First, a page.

Tuesday, August 25, 2009

The race card

I never thought I would say this. I finally understand why some black people are so quick to draw the race card. Here's the situation.

We all know kids can be mean. It's like they have a sixth sense that can sniff out vulnerability in a heartbeat. Marin is just not yet equipped to successfully disarm mean or cliquish American kids. She does not have the verbal skills, the confidence, nor the combativeness.

The comments Marin faces most often are "You're stupid" "You're an idiot" "I don't like you" and "Your brown skin smells funny". Believe me. Marin is a smart, sensitive, and sweet kid. It's not just because I'm her father. Virtually every adult says these things about her.

We tell Marin that kids who behave that way really feel bad about themselves so they say mean things about Marin to make themselves feel better. Then we role play Marins' responses to these aggressions. Sometimes she pulls it off well, but many times she speaks with such trepidation that the bully would become emboldended. It's going to be a long road.

Back to the race card. I am so tempted to teach Marin to say, loudly "Look, I know the only reason you are talking to me this way is because I have brown skin and I am going to tell the Principal right now. You will be in the deepest trouble ever." Sometimes it feels like the only foolproof weapon she has. And its' kind of like verbal karate. You insult me because I am black, so I will use your racism against you. You try to isolate me because I am black, and I will use your racism to isolate you. You try to marginalize me because I am black, and I will use your racism to silence you. You try to degrade me because I am black and I will use your racism to minimize you.

I am beginning to realize the power of the race card. The beauty of its'design is that, in the proper hands, it cannot be successfully employed unless some racist first creates the opportunity for you. It is self governing in that way.

3 comments:

kristine said...

Leo,

firstly, thanks so much for talking the other night. it was a great help to Yancey and I.

we've been there with Quinn in pre-k although it wasn't mean words - more just being much more visible and a couple of times accused of things he didn't do because the other child say they 'saw him first' even though he wasn't near the commotion.

being with an African American husband for 21 years i have to say i don't know a single African American that is 'quick' to use the race card. Even the ones i know who have said the truth out loud once or twice have had so many insults and affronts that have gone unsaid. we've lived with 21 years of affronts large and small. we've been taken to a police station and accused of stealing our own car for nothing more than the amusement of a group of white racist cops. my husband lost his job in such a blatent act of racism that the rest of his department walked out for the day in protest. we've lost apartments, jobs, friends.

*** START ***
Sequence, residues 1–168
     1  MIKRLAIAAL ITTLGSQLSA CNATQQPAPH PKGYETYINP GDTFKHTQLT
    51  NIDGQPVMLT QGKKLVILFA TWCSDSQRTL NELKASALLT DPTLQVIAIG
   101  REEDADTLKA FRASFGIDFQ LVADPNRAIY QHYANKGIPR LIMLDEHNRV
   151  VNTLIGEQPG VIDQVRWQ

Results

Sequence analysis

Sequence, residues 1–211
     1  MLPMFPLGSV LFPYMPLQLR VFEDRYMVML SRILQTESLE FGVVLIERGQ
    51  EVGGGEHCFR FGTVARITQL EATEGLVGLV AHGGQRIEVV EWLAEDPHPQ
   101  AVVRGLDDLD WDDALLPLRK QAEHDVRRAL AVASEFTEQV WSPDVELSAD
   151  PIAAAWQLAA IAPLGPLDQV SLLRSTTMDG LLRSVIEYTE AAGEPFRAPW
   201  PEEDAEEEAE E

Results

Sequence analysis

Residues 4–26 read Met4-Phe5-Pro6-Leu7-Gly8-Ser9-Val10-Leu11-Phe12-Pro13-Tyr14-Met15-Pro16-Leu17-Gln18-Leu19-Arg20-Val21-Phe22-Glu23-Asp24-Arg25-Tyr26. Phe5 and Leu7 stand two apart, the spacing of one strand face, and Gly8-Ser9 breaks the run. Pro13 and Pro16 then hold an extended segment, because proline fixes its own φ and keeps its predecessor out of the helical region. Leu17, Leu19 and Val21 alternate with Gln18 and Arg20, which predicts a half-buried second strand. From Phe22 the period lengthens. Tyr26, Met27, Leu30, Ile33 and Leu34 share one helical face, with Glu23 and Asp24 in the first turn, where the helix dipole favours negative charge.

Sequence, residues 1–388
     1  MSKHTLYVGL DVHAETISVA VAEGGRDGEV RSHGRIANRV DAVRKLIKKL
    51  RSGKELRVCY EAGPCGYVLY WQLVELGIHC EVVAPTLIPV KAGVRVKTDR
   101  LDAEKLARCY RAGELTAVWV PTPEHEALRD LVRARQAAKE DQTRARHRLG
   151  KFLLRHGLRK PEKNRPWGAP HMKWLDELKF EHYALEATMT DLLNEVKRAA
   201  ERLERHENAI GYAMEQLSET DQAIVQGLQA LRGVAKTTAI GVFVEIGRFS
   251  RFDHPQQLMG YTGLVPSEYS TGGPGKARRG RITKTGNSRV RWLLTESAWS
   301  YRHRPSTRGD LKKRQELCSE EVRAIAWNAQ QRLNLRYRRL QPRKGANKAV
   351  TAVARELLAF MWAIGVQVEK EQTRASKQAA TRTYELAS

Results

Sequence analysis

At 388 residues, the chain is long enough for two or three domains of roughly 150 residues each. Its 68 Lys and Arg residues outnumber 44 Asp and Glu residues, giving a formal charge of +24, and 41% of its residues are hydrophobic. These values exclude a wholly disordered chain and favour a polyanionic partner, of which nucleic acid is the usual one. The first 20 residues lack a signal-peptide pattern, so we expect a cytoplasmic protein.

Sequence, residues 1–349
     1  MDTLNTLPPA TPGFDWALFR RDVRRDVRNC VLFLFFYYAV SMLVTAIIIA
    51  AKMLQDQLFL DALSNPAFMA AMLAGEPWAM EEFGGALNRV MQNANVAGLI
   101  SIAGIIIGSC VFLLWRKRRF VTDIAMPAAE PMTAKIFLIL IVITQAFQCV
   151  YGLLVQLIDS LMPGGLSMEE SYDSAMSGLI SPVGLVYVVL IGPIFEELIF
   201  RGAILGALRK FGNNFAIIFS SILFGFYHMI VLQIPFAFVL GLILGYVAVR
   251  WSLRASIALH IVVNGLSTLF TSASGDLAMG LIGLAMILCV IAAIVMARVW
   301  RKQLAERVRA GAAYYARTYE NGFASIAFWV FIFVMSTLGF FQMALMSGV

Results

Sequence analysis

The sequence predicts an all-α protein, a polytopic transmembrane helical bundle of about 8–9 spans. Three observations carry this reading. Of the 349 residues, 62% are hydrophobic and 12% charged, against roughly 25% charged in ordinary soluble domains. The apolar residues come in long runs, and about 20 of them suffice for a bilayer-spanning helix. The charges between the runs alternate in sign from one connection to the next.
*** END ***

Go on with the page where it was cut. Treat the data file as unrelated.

the race card is very tricky. we have yet to 'play' it. most of the playing comes from the white people we've run into. they lay the cards out and we just play defense. the night in the police station our defense was keep our mouths shut, let them have their fun, be polite and get out as soon as we can.

just had to say...that when the race card is finally pulled from the deck by a black person it's good to remember the deck was made and dealt by the whites.

also, there is still almost no recourse for black folks at all or ever. you can never say it in school or in work without the repercussions being very bad.

your girls will be fine. stronger than the white kids. it is inevitable.

M and M said...

kristine, I REALLY appreciate your comment. Thank you.

Leesavee said...

Amazing. As someone who has met Marin, I can't imagine anyone saying anything bad about her. Kids don't learn things like that on their own. They get it from those around them. Fortunately, Marin has parents who love her so very much. Imagine how much worse it would be for a child who wasn't going home to a loving and nurturing environment.

Stories like this make me fear for what my own children will go through once they are home here in Maine. It's disturbing.